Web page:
Driving has become something that we more or less take for granted. It is a habit that we have developed to help us with our daily lives. Whether it be taking the kids to and from school or going to work, driving should be viewed as one of our most prized privileges. For any of you who have ever lost your driving privileges, you know how difficult it can be to get to where you need to go.

There are many ways to lose your driving privileges, but there are also many avenues for keeping them. For example, one of the best things you can do to learn about the various ways to maintain your driving privileges is by taking part in an online traffic school California permit class. Also, if you have acquired a traffic violation, you should consider going to traffic school so that the violation does not stay on your driving record. For now, let’s take a look at the oilfield and how traffic violations play a huge part in oilfield fatalities.

What Do You Think About It?

Did you know that thinking while you are driving can actually be a problem when your thoughts are focused on something either than properly driving your car? When you aren’t focused on the things going on around you, such as the speed of the cars in front of you or whether you have fastened your seatbelt, this greatly increases your odds of being involved in an accident and getting injured. In fact, speed and seatbelt use just so happen to be the two largest contributing factors to oil-field related deaths. One might think that getting hurt on the rig might be the number one contributor, but it isn’t.

A Closer Look at the Data

The decade that took place between 2003 and 2013 was one that saw unprecedented growth in the oil and gas extraction industry. The size of the workforce doubled and saw an increase of 71 percent in the number of rigs being drilled. The CDC analyzed data relating to fatal occupational injuries in this industry and found that more than 33 percent of worker fatalities in the oil and gas extraction industry were caused by transportation incidents.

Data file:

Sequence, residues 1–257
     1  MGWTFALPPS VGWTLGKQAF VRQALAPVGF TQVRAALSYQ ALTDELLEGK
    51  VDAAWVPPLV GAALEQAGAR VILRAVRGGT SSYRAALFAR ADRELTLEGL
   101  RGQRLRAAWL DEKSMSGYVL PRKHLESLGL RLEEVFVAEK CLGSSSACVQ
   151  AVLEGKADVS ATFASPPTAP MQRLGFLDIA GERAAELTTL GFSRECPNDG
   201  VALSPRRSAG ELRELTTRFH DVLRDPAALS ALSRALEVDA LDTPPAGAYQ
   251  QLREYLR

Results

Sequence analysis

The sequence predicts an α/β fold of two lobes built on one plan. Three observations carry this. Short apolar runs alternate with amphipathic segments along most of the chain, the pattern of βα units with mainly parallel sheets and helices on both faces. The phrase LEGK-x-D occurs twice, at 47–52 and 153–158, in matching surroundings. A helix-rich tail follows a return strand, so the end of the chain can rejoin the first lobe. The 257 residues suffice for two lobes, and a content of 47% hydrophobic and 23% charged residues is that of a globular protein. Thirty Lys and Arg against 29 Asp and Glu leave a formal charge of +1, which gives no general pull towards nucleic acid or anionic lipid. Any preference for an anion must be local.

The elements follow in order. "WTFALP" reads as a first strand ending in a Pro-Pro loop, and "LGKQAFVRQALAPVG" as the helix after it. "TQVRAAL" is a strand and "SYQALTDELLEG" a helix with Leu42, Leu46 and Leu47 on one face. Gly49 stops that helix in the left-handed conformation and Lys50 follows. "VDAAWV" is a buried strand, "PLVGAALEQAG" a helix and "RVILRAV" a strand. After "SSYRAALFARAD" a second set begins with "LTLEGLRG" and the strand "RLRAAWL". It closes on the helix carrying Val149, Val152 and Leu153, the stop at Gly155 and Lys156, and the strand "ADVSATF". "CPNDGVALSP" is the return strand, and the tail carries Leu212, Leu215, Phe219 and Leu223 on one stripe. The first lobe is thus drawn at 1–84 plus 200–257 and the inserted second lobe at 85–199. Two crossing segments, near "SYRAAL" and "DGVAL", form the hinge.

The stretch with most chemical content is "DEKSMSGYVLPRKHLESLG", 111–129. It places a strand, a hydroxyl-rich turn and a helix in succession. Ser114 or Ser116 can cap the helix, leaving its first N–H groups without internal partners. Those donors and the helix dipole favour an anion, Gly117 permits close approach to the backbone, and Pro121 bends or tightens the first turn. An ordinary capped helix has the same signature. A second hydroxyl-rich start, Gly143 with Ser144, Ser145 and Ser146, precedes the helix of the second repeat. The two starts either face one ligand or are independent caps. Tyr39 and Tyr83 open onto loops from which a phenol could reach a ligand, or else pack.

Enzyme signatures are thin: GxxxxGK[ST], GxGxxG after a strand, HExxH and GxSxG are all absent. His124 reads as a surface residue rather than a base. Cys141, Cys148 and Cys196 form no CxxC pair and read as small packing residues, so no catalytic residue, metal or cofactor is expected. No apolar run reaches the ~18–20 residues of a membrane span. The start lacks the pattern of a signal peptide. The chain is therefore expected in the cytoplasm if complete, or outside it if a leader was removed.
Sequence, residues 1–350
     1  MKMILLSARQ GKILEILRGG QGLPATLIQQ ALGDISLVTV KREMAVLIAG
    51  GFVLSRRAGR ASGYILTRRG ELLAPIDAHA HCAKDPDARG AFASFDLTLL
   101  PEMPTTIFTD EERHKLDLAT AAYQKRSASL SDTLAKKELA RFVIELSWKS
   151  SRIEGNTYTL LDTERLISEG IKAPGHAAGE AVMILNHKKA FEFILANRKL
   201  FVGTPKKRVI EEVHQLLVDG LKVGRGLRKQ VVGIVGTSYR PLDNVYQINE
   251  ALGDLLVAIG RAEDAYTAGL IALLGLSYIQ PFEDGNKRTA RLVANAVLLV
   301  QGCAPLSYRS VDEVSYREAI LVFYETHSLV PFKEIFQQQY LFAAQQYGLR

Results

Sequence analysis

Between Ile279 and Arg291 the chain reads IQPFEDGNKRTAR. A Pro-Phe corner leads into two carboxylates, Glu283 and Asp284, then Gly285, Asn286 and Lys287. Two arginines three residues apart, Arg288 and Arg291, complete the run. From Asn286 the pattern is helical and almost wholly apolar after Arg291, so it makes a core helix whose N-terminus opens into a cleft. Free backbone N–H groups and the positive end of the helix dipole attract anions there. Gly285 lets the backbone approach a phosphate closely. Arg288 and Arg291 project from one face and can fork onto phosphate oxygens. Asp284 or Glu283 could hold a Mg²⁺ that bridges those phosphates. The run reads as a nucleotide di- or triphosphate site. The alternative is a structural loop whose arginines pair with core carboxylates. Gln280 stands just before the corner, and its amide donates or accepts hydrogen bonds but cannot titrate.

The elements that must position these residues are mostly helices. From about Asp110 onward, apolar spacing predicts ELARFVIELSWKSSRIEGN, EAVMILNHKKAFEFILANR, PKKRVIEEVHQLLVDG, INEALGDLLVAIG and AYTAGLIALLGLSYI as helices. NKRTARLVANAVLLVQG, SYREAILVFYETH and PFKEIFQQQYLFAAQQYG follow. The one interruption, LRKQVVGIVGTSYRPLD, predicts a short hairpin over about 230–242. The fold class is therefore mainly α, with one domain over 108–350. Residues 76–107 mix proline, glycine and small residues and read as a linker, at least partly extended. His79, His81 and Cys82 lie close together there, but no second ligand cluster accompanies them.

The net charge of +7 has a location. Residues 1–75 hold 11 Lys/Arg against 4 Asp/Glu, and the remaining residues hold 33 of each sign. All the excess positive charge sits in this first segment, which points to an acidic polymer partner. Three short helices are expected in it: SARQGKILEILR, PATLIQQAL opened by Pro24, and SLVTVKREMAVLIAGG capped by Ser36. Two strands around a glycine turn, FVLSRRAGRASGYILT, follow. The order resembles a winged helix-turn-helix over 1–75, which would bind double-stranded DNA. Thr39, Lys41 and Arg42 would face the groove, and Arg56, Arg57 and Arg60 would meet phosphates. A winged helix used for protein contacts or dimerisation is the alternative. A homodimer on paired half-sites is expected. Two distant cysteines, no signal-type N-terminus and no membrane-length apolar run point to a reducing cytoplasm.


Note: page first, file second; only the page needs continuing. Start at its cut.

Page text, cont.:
When looking at the details involved in these accidents, it is clear to see that there is a lack of attention contributing to the fatalities, such as speeding down the road at 70+ mph and not slowing down when getting close to town and the speed limit lowers to 35-45 mph. Data shows that the biggest contributors to these accidents are not related to road or weather conditions. Instead, they are driver-behavior related:

• Failure to control speed
• Lane change-passing
• Driver fatigue
• Driver inattention
• Faulty evasive action

What Action Is Being Taken?

Fortunately, these data points and statistics are leading to positive action being taken by a variety of coalitions, including the Permian Road Safety Coalition, which is working in conjunction with the Texas Department of Transportation, as well as with other industry experts, to assess the causes of fatalities and properly address them.

For example, they have studied why drivers still after all these years are failing to wear their seatbelts. The truth is, though, this action is simply a bad habit. Oilfield workers get in and out of their vehicles numerous times throughout the day, making it a nuisance to many of them to put on and take off their seatbelt. This type of bad habit must be altered, and thankfully, a simple in-the-truck reminder is all it takes to get drivers to start wearing their seatbelts. Such reminders can come through an In-Vehicle-Monitoring Solutions (IVMS) program.

What Is an IVMS Program?

This type of program is becoming more popular because it helps companies curb recordable driving incidents. The system will provide immediate feedback to drivers when they are taking part in one or more activities that put them at risk for an accident or injury, such as not wearing their seatbelt or speeding.

The Conclusion

It is important to note that new workers to the oilfield have a greater chance of being involved in an accident because of a lack of experience in driving in the oil patch, as well as inexperience in driving industry-specific equipment. This is why it is all the more important for fleet vehicles to be properly monitored with an IVMS.